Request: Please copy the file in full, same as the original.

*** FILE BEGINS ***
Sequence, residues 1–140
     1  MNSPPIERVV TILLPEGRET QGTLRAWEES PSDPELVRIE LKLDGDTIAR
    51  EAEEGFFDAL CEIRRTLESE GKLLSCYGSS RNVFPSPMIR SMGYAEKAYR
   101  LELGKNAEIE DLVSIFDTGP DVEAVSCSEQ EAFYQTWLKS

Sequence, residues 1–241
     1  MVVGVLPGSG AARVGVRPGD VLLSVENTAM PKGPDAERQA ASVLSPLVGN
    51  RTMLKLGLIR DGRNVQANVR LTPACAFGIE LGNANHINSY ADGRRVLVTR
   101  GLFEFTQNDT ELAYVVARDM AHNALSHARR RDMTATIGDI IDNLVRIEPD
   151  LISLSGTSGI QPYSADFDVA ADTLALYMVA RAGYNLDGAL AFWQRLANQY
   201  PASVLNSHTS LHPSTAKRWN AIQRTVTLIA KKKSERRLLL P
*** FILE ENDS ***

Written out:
Sequence, residues 1–140
     1  MNSPPIERVV TILLPEGRET QGTLRAWEES PSDPELVRIE LKLDGDTIAR
    51  EAEEGFFDAL CEIRRTLESE GKLLSCYGSS RNVFPSPMIR SMGYAEKAYR
   101  LELGKNAEIE DLVSIFDTGP DVEAVSCSEQ EAFYQTWLKS

Sequence, residues 1–241
     1  MVVGVLPGSG AARVGVRPGD VLLSVENTAM PKGPDAERQA ASVLSPLVGN
    51  RTMLKLGLIR DGRNVQANVR LTPACAFGIE LGNANHINSY ADGRRVLVTR
   101  GLFEFTQNDT ELAYVVARDM AHNALSHARR RDMTATIGDI IDNLVRIEPD
   151  LISLSGTSGI QPYSADFDVA ADTLALYMVA RAGYNLDGAL AFWQRLANQY
   201  PASVLNSHTS LHPSTAKRWN AIQRTVTLIA KKKSERRLLL P